Tips for step 4)  Reach the open hand toward the other side of the boom and pull the mast toward your body, across the wind. Try to make the hand movement super fast. Look in the other direction, or, as I prefer, focus your eyes down and vertical over the water so your body weight is centered properly to land on the front section of the board. You are jumping in a way so your body is positioned over the center of the board.
Tips for step 5)  Grab the other side of the boom with the open hand. Notice your arms will cross here.Kick your legs behind you while leaning your body slightly forward over the nose of the board. Focus your eyes down on the front part of the board deck, just in front of the mast base. Notice my weight is over my front leg and my back leg is extended like a brace with the toes down. Also, the nose of the board is on the water and sliding backward. The nose lands first. Some sailors like to Swivel (twist) the body up and around the mast.
Tips for step 6)  Maintain your body weight over the board by leaning slightly forward over the center of the board and a little on your toes. In other words, your weight is over your front foot. This keeps the board's tail and rails clear of the water, so you can maintain a slide. Your body remains somewhat twisted. Remember to stay close to the mast.
Tips for step 7)   Let go of the trailing hand and lean the mast windward. Your weight is still forward so the tail stays out of the water and the board slides backward because the back rails do not catch the water.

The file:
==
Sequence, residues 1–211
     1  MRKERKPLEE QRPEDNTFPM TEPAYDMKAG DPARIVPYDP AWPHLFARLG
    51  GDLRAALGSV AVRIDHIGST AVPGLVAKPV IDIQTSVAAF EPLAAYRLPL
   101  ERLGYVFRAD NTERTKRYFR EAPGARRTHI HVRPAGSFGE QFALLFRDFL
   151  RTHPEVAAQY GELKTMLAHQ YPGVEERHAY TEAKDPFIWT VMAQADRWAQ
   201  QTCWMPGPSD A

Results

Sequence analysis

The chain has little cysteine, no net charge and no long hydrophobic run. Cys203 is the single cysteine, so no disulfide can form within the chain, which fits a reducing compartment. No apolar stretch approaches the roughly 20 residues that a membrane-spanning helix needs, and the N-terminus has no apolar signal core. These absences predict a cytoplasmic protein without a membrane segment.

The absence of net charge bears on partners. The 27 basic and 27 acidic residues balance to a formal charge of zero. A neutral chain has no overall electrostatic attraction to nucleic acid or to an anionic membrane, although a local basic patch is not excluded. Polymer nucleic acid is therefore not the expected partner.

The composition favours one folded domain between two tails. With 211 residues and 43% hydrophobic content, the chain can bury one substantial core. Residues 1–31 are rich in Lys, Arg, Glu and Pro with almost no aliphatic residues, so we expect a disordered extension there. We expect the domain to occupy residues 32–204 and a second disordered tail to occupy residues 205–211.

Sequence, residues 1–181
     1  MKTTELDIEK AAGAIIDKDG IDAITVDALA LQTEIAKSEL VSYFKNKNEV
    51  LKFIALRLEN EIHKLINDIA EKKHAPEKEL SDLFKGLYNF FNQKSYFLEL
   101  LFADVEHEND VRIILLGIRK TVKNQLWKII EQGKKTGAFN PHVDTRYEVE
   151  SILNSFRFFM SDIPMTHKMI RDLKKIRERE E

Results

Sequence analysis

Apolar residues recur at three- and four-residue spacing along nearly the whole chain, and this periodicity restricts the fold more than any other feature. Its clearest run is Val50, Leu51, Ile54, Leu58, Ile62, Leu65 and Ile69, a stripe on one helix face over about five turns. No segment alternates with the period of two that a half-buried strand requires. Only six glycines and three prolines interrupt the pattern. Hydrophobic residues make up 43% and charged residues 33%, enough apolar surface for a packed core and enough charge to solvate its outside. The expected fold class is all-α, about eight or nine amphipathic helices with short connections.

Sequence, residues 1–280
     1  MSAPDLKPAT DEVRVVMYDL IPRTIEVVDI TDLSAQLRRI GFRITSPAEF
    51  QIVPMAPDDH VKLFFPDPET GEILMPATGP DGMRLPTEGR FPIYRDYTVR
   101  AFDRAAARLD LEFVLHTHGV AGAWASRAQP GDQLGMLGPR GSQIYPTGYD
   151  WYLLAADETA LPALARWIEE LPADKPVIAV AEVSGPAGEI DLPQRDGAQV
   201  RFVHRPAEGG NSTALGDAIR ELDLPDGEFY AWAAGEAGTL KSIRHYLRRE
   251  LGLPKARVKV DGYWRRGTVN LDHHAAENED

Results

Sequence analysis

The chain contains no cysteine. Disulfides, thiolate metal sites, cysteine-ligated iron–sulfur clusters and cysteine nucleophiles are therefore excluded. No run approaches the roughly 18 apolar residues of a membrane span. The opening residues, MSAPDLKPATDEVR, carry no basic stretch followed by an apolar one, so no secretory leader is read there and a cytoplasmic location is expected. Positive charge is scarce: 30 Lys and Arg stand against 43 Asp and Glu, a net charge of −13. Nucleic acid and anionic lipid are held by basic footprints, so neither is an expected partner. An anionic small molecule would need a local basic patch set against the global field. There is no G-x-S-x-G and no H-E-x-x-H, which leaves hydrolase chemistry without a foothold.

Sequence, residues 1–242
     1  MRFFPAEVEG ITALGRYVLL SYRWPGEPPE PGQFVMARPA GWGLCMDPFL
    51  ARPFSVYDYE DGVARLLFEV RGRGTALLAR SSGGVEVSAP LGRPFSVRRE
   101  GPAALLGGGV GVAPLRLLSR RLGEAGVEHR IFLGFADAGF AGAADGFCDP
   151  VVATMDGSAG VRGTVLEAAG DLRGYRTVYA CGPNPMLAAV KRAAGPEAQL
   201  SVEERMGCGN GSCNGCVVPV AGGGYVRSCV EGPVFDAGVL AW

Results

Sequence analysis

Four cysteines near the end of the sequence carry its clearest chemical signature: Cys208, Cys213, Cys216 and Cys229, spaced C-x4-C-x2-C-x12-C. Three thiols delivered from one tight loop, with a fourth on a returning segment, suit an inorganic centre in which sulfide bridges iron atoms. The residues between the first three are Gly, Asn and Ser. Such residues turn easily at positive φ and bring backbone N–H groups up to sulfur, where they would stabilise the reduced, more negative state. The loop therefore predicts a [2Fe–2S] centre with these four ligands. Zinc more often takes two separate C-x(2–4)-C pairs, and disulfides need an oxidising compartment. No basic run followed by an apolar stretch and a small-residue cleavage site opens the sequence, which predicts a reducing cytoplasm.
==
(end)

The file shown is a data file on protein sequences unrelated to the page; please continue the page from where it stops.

Tips for step 8)  Reach back and grab the boom as fast as you can while still leaning the mast windward. Notice my body stays erect and centered over the board.
Tips for step 9)  Sheet in very hard to lock in the sail and regain the board-body-sail connection. You also must shift your weight windward so you have now regained any lost stability. The key to gaining stability in a Vulcan is to get to this position quickly.
Tips for step 10)  Let the board slide to a stop.
Tips for step 11)  Start sailing switch-stance until you feel like you have control. The trick to sailing switch stance is to keep the body twisted with the sail sheeted-in and your body weight windward. Slowly bear off wind.
Tips for step 12)  Now lean on the front foot a bit and push the heel of your back foot down and out away from the strap. This is tricky to learn at first because the natural tendency is to pull up with the back foot -- not! Switch your feet to a regular stance. Live long and prosper my Vulcan brother.